Word of mouth has long been a method of communication which many people like – it’s personal and direct. In the Information Age we have electronic word of mouth: a message, if it strikes the right chord, may ripple outwards, forwarded on and on. That certainly seems to be the case here as other people around the planet, from around the UK, Europe, America, Canada, Australia and others have been commenting (mostly in a supportive way, thank you).
My blog was something I ran for fun, for therapeutic value and because I enjoyed the fact I entertained some friends with it and made new friends via it. Small-scale and mostly read by friends and friends of friends and the occasional person who would come across it somehow – just another (darkly humorous) blog among many tens of thousands around the globe. Now it is being discussed for good or ill by a large number of people around the world – other bloggers, fellow booksellers (in and out of my former company), publishers, fellow reviewers and writers and even journalists.
Neil Gaiman has just discussed it on his journal – very nice to see he remembers me and the enjoyable events we’ve held together in Waterstone’s in Edinburgh (the very first one in our windowless basement, full to capacity, just after Neverwhere came out, years back when I still had hair. For the second one in a nice, Georgian restaurant I had to make up the fliers myself – another piece of promotion I undertook myself for a company event to make sure it went well and readers knew of it).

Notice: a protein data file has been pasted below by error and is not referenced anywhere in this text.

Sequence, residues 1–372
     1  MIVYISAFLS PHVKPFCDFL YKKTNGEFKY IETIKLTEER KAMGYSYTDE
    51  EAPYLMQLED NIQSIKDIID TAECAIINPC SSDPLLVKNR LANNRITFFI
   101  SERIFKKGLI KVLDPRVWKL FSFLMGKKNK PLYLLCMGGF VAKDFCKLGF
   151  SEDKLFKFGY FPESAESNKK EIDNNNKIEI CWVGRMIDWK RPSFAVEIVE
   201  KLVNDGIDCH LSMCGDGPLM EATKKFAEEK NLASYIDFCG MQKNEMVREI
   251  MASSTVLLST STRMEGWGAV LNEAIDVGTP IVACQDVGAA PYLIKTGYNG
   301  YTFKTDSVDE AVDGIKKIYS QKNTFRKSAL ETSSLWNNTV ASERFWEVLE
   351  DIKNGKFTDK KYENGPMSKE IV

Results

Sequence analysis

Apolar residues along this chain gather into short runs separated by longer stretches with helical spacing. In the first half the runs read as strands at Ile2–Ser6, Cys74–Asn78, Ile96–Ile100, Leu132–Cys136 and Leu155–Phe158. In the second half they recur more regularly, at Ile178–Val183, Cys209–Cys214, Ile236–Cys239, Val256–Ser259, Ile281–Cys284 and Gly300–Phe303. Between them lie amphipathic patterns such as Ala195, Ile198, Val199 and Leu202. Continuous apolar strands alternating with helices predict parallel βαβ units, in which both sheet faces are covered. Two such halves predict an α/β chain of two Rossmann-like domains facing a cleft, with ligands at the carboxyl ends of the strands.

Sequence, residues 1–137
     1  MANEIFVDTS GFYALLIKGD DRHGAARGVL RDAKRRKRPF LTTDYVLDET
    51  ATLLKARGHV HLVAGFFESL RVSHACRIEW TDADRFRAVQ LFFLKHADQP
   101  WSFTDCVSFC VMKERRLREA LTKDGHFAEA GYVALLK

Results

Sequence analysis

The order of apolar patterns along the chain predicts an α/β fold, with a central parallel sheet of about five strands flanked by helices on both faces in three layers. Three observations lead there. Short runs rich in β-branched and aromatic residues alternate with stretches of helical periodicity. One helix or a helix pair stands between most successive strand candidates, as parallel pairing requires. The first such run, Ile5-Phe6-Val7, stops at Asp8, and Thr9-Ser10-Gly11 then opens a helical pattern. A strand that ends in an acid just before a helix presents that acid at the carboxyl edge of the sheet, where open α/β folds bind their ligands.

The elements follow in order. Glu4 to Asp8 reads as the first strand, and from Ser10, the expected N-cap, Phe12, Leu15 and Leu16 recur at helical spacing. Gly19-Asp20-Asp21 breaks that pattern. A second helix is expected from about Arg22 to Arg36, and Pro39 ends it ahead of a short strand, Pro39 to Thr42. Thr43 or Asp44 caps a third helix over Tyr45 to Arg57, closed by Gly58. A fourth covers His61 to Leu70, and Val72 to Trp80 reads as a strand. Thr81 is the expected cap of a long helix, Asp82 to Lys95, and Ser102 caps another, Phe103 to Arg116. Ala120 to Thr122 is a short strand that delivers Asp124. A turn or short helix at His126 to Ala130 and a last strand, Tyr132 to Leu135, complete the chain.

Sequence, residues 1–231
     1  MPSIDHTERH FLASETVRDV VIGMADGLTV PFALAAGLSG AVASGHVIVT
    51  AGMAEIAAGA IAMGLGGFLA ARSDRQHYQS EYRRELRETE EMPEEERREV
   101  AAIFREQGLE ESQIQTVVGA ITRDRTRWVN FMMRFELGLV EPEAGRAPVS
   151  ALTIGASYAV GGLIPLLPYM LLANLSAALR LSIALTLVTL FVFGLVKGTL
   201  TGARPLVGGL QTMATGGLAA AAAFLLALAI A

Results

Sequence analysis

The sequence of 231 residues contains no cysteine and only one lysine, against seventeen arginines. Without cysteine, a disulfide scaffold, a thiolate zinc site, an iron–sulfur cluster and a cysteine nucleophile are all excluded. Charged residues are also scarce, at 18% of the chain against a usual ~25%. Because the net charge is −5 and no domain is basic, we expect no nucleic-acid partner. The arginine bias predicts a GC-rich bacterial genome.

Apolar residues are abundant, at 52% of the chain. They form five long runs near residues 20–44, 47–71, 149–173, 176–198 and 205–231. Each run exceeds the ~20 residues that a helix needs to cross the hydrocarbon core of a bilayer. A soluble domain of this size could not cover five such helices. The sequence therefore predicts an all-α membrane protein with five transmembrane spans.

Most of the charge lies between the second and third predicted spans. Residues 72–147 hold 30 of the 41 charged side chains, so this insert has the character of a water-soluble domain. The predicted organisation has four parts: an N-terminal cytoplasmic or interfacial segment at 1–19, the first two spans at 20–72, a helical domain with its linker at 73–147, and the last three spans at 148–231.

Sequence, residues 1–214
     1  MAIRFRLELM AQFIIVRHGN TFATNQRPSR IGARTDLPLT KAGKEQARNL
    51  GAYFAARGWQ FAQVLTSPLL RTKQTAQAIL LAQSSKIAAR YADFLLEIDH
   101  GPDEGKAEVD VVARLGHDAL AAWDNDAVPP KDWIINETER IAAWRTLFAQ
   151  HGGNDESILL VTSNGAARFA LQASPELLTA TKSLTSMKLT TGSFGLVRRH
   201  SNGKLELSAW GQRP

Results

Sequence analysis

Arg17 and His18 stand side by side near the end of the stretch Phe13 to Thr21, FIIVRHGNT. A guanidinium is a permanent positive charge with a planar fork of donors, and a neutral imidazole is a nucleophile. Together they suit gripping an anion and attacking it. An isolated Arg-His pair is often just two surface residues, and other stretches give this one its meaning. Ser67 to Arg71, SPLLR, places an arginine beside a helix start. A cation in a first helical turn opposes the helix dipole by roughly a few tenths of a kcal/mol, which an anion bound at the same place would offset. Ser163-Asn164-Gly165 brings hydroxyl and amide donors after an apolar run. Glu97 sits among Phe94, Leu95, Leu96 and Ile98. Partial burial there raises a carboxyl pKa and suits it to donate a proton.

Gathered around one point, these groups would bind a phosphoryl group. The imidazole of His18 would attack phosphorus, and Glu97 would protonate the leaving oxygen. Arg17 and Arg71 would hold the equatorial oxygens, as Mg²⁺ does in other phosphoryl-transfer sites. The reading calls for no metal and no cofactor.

Jo Best has written a fine article on the online journal Silicon.Com here and Tim Richardson of online IT journal The Register has posted another article here. Martin Waller has written a short article on the City desk of the Times (thanks to Olly for the direct link and also for pointing out Jo Best’s article is also here on CNET). I’ve had some more enquiries this afternoon and will keep you all posted. I’d like to add, for the benefit of anyone who thinks I am just trying to extract some sort of vengeance that this could all have been avoided easily and that I am mostly being approached by journalists who have read of this on another blog or Boing Boing or in one case I was told the reporter heard of it via a writer who brought it to his attention, so I’m not muck-raking or mud-slinging here – people seem to want to know about what has happened.
It is good to see how many people, many of whom I have never met or heard from before, are offering me their best wishes and sharing their outrage. Right now I’m getting ready for a trip to the Job Centre for my interview, searching every site I can online for work and desperately hoping to sort something out before I hit a financial black hole (oddly enough I really didn’t plan out my finances, such as they are – bookselling, like retail, not being a big pay industry – around losing a job after eleven years at the start of the New Year. Bizarre Kafka-esque black comedy notions are running through my head and the timing, being suspended right before Xmas, adds an almost Dickensian flavour to the proceedings.
When I think on what may happen if I don’t get work quickly I feel physically sick with worry – the many offers of support so many of you have extended to me, along with the help and love of friends and family who have been wonderful throughout keeps picking me up when the black waves of despair break upon my shores. The late, great Douglas Adams once said you should always know where your towel is – if I may extend the earlier metaphor, my friends and loved ones have picked me up and towelled me down.